A patient who had been to several physical therapy clinics over the years and exercised at gyms for decades, asked me why the exercises I show people seem to be more effective than exercises people do at other places, even though the exercises look the same (to him). It was an interesting question for me, because to the untrained eye, most exercises (such as biceps curls or push-ups) do look the same no matter who is performing the exercise. Assuming the exercise technique is the same, there are many other factors to be considered such as intensity, duration, frequency, sequence and the kinetic chain.
Let’s use the example of a biceps curl. What body position should be used—-sitting, standing, or lying flat on your back? Sitting reduces the muscles involved, standing is more functional (and increases the muscles involved), and lying on your back reduces stress to the back and other joints. What about hand position? Palm up, down or a combination of both (rotation) not only affects how the biceps is involved, but also what and how other muscles are being used. What are you trying to achieve with this exercise—build up muscle mass, increase strength of the muscle, build up tissue tolerance—all will help determine how much weight to use and how many repetitions.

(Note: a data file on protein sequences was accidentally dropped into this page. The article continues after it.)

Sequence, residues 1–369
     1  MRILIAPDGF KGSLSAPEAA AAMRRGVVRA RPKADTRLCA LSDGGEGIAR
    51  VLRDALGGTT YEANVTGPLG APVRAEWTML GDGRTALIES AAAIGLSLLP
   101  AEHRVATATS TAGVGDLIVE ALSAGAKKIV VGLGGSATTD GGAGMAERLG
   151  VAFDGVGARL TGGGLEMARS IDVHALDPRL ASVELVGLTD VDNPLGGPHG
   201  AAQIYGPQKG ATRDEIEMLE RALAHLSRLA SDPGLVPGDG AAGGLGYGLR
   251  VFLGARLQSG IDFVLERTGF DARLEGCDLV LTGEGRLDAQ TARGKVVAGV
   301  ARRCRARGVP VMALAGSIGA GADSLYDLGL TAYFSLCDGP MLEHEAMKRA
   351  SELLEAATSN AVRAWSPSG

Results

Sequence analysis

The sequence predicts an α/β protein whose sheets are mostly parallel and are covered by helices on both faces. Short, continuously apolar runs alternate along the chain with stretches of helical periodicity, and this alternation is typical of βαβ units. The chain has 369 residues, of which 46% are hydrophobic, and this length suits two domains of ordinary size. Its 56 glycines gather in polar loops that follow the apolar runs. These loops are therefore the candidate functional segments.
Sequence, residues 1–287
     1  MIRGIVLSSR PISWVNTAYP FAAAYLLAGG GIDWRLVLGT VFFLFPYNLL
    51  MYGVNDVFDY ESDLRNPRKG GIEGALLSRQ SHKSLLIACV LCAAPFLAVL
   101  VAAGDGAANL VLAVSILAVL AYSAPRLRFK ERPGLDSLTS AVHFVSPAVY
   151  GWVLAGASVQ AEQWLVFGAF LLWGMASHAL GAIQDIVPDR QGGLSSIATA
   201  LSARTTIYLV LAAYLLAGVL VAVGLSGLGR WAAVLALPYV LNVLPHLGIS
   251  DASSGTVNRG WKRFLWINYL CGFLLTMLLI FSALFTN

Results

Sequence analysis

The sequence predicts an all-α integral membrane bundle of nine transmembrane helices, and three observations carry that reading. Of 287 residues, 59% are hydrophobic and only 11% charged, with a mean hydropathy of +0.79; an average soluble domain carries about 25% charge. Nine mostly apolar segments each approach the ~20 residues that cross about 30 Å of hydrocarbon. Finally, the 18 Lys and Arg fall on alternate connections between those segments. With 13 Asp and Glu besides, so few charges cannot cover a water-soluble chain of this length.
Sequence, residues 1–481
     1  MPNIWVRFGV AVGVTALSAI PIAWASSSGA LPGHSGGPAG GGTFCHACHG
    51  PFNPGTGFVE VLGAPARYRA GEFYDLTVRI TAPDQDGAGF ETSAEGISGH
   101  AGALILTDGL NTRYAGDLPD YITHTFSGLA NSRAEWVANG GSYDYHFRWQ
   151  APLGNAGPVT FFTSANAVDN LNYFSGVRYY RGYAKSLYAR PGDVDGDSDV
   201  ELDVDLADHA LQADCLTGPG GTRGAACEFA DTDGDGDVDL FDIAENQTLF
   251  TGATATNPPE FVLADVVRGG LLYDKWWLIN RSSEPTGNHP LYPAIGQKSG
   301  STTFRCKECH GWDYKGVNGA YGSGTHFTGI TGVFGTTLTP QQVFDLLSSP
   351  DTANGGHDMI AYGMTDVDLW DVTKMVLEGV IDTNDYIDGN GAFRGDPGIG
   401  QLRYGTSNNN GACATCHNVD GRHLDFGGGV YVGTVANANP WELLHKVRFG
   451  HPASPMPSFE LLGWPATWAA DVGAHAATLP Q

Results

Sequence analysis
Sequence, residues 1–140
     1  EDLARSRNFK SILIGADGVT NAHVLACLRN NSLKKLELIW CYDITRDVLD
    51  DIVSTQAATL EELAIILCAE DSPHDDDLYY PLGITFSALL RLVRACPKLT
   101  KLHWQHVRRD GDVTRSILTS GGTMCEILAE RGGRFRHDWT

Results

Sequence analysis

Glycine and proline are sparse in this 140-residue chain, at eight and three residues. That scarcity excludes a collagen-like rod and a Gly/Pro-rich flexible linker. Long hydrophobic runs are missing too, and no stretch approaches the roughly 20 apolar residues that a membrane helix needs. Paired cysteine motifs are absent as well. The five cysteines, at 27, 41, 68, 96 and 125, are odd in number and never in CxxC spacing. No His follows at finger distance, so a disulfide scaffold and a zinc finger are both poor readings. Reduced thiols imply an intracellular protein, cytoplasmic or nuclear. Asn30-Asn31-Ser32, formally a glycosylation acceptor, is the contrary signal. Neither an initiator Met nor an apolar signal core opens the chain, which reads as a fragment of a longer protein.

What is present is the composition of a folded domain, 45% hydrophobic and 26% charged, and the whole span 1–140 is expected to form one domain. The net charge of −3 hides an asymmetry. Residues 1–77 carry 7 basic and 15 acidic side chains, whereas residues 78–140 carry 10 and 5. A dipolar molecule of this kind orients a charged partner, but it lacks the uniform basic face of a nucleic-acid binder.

When to begin an exercise—are the muscles, ligaments, bones, etc. ready for the stress of exercise?—and how best to apply that stress are additional examples of why education, experience and proper training are such difference makers when it comes to the effectiveness of an exercise. Beginning an exercise too soon, such as running, is an easy way to get hurt. Progressing an exercise too quickly, going from jogging to sprinting for example, is another easy way to cause an injury. You need to know a lot about anatomy, biomechanics, physiology, and tissue morphology, to be able to design effective and safe exercise programs. Unfortunately, the vast majority of people who rely on coaches, friends or observation to learn about an exercise end up getting injured.
Choosing an exercise professional to provide instruction should reduce the risk of getting injured while exercising. But if you want to get the most out of your exercises, whether recovering from injury or improving fitness, choose a professional who not only has the right educational background and degrees, but also someone who has years of experience teaching and developing exercises. See some of our earlier blogs for more information on what makes an exercise more effective.
Coast Physical Therapy Services has experienced and qualified Santa Cruz personal trainers ready to help you get the most out of your workout. And done safely.